The Tudor Rose
“It is strange how many want to sit in the king’s seat even though it’s so uncomfortable.” From the mouths of babes. As history unfolds, Elizabeth, pawn to the future of England, endures the death of her beloved father, her mother’s flight to safety with Edward’s heirs, the mysterious disappearance of the young princes in the Tower, Richard III’s coronation and the battle between Plantagenet king and his most powerful threat, Henry Tudor.
Elizabeth’s young life is spent watching and waiting, in sanctuary with her mother and sisters and in Richard’s court, where his unwanted attentions give rise to gossip and her absolute conviction that that Richard has murdered the princes. While Henry Tudor gathers forces and support, Elizabeth is acutely aware of the opportunity to embrace her destiny and end the long years of war between York and Lancastrian causes. With Richard dead on the battlefield, Elizabeth marries Henry, becoming the only English queen to have been wife, daughter, sister, niece and mother to English kings, most significantly, Henry VIII.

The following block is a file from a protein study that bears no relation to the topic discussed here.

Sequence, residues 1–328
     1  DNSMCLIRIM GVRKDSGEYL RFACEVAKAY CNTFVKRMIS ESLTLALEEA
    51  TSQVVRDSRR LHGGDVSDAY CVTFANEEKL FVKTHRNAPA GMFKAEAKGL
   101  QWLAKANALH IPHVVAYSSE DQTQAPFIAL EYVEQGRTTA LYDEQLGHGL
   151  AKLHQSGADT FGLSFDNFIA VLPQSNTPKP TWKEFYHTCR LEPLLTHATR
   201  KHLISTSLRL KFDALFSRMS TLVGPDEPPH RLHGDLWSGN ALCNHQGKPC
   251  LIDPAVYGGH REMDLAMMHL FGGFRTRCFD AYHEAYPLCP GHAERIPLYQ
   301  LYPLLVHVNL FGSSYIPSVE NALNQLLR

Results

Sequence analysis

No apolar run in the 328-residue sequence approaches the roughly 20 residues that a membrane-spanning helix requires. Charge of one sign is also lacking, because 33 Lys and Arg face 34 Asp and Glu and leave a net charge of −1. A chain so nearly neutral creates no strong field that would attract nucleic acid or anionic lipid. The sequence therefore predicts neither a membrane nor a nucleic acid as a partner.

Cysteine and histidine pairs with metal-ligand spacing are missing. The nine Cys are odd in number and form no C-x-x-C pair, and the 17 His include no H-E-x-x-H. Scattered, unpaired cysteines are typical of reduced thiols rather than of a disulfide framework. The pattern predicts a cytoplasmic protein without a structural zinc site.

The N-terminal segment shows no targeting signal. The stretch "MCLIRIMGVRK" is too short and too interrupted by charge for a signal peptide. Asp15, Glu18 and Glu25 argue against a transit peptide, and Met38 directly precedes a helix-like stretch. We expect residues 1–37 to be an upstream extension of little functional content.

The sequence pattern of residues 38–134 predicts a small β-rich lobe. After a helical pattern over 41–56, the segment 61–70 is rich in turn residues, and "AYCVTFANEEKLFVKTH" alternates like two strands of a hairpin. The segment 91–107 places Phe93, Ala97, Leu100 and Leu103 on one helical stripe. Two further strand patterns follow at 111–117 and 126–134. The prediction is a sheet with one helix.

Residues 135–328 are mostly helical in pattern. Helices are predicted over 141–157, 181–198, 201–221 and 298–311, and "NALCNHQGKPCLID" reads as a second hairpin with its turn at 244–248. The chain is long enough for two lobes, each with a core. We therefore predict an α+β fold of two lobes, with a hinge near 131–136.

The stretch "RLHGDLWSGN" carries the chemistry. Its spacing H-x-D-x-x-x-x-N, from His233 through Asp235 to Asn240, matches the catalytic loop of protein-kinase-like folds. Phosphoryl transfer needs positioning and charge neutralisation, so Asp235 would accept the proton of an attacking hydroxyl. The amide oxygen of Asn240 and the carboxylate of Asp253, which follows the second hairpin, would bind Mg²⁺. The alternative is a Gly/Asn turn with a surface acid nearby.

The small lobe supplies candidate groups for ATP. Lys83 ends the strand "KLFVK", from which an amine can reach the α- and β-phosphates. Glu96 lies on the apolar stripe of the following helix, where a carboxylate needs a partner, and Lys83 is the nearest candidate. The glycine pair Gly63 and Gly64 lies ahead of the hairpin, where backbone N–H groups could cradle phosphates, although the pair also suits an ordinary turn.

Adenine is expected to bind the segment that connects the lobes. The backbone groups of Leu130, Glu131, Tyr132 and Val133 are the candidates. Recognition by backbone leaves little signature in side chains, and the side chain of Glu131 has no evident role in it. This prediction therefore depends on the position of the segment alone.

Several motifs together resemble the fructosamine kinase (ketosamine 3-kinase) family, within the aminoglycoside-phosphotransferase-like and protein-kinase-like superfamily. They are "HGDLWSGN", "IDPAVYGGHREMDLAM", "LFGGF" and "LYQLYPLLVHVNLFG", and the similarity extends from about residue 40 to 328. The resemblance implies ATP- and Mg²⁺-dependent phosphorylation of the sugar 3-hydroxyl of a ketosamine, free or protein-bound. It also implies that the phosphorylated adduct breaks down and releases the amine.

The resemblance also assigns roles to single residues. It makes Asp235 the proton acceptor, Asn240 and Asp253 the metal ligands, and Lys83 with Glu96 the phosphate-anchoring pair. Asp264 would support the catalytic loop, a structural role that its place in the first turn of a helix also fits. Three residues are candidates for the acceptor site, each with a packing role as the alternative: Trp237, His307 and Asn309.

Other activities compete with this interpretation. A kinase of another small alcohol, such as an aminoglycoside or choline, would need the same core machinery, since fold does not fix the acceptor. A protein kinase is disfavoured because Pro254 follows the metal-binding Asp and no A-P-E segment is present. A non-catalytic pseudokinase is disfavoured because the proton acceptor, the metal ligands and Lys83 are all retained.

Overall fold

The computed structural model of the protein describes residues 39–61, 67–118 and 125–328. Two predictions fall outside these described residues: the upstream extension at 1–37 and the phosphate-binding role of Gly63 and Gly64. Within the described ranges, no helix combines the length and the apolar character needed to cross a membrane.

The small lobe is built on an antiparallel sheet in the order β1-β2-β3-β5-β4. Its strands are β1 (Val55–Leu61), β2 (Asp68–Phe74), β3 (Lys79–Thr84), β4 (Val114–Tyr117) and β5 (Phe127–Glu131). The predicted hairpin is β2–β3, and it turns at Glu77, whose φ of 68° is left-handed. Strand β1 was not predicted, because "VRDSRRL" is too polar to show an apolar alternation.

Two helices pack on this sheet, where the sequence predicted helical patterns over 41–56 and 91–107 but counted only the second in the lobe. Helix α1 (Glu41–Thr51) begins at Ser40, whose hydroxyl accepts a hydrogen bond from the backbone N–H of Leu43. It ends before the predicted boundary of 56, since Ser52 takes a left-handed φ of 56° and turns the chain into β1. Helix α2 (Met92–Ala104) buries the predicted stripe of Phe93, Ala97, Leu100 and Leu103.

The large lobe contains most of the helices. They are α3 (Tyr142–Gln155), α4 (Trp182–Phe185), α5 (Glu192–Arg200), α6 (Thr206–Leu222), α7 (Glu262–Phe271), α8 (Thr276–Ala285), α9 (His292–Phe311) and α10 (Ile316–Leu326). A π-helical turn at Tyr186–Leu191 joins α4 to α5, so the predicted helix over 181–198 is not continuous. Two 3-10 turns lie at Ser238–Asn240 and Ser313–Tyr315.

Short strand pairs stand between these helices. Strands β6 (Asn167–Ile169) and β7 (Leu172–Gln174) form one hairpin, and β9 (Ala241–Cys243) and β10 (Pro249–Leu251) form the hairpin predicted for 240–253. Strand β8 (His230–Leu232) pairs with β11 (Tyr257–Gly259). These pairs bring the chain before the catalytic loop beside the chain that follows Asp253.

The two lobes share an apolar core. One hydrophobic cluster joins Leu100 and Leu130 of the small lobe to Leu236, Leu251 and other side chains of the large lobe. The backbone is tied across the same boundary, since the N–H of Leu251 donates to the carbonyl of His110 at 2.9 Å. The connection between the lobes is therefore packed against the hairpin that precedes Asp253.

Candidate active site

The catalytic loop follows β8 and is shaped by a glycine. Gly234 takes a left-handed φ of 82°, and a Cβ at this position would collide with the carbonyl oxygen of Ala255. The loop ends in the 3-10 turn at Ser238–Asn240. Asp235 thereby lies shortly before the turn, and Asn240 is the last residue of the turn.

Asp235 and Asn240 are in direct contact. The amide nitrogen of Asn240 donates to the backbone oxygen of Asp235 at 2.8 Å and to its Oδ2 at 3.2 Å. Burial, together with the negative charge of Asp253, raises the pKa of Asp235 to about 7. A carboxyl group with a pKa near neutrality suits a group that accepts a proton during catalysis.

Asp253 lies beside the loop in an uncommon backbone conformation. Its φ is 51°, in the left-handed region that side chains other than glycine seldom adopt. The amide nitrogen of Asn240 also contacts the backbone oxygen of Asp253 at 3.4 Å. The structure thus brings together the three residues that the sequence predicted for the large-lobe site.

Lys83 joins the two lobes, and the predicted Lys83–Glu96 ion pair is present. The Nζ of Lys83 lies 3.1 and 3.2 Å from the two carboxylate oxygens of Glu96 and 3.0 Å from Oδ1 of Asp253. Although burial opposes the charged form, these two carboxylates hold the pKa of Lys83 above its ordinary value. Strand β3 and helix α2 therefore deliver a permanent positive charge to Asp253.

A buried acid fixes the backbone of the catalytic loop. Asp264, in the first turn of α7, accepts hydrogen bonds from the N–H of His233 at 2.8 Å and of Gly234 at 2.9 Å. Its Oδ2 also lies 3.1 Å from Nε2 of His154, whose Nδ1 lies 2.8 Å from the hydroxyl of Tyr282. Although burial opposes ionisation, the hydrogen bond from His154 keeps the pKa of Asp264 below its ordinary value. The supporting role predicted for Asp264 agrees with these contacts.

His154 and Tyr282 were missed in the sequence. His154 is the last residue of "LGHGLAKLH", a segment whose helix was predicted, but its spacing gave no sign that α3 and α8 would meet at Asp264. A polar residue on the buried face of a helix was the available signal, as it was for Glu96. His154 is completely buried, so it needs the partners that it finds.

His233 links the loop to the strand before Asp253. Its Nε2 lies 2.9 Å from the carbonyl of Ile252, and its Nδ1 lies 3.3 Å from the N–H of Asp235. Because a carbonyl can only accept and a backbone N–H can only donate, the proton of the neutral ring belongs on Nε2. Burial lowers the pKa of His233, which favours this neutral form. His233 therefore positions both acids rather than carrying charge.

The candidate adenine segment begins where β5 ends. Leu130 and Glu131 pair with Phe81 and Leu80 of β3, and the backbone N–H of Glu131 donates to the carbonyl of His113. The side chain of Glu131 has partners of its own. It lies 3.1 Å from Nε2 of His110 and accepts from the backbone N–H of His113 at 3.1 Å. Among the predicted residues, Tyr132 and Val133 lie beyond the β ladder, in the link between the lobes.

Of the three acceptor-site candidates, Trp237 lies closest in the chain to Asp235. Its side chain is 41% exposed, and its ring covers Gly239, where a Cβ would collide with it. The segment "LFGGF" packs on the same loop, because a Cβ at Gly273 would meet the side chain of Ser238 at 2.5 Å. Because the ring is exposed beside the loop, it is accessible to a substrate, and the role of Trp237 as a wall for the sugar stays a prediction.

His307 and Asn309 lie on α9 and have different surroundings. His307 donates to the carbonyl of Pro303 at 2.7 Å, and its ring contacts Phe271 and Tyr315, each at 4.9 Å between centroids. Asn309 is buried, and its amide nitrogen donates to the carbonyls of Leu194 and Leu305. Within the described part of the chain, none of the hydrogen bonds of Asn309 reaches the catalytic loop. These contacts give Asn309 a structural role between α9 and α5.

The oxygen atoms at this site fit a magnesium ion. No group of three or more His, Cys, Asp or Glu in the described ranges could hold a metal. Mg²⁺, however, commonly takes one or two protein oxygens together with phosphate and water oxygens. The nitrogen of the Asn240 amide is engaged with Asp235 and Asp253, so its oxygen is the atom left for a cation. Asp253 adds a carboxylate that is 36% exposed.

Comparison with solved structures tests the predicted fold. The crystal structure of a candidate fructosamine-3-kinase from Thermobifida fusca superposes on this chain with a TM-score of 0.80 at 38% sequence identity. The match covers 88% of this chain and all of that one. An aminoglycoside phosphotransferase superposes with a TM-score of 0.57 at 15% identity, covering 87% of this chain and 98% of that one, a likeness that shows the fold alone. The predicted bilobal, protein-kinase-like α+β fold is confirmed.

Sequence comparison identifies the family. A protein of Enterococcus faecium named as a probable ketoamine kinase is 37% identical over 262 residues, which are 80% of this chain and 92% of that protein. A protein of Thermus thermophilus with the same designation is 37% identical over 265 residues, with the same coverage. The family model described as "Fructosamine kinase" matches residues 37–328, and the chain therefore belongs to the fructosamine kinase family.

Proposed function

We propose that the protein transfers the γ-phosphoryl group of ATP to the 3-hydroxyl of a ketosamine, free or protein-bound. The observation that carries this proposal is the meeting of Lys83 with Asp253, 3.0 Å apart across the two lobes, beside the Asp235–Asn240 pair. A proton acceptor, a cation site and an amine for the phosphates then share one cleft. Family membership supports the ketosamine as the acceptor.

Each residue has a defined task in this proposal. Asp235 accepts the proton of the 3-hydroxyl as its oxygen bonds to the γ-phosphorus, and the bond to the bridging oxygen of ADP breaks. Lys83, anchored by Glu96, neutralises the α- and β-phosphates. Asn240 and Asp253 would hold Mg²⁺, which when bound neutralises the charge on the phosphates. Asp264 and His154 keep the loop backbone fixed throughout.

This novel harbors no romantic view of Richard III, no ambiguous feelings between Elizabeth and her uncle while his wife is dying and no doubt as to Richard’s guilt in the fate of the princes in the Tower. Propelled by events, Elizabeth is thrust from royalty to insignificance, only to embrace her role as matriarch of the Tudor dynasty. Even Henry Tudor is plagued by usurpers and pretenders, the unknown fate of the princes a constant source of opportunistic scheming. Only Elizabeth’s son, Henry VIII, will hold England in his firm grip, shaking the very foundations of the country.